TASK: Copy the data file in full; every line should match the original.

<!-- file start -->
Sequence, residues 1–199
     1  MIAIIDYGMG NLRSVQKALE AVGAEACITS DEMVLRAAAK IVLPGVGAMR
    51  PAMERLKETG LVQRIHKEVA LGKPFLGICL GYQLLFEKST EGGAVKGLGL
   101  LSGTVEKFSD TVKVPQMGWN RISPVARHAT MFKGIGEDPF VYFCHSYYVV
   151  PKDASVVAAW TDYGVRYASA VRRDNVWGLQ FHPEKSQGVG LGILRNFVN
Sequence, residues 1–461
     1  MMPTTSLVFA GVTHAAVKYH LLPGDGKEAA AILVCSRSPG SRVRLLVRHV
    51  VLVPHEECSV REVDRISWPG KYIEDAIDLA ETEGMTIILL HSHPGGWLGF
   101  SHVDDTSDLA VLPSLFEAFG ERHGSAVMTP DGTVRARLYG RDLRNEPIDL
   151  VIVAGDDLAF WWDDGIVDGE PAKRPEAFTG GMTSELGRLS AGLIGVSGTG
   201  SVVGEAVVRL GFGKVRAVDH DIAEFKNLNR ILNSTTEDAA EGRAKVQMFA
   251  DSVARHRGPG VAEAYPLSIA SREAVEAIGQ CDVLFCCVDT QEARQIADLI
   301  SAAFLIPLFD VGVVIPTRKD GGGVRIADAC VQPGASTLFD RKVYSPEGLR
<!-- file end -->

Sequence, residues 1–199
     1  MIAIIDYGMG NLRSVQKALE AVGAEACITS DEMVLRAAAK IVLPGVGAMR
    51  PAMERLKETG LVQRIHKEVA LGKPFLGICL GYQLLFEKST EGGAVKGLGL
   101  LSGTVEKFSD TVKVPQMGWN RISPVARHAT MFKGIGEDPF VYFCHSYYVV
   151  PKDASVVAAW TDYGVRYASA VRRDNVWGLQ FHPEKSQGVG LGILRNFVN
Sequence, residues 1–461
     1  MMPTTSLVFA GVTHAAVKYH LLPGDGKEAA AILVCSRSPG SRVRLLVRHV
    51  VLVPHEECSV REVDRISWPG KYIEDAIDLA ETEGMTIILL HSHPGGWLGF
   101  SHVDDTSDLA VLPSLFEAFG ERHGSAVMTP DGTVRARLYG RDLRNEPIDL
   151  VIVAGDDLAF WWDDGIVDGE PAKRPEAFTG GMTSELGRLS AGLIGVSGTG
   201  SVVGEAVVRL GFGKVRAVDH DIAEFKNLNR ILNSTTEDAA EGRAKVQMFA
   251  DSVARHRGPG VAEAYPLSIA SREAVEAIGQ CDVLFCCVDT QEARQIADLI
   301  SAAFLIPLFD VGVVIPTRKD GGGVRIADAC VQPGASTLFD RKVYSPEGLR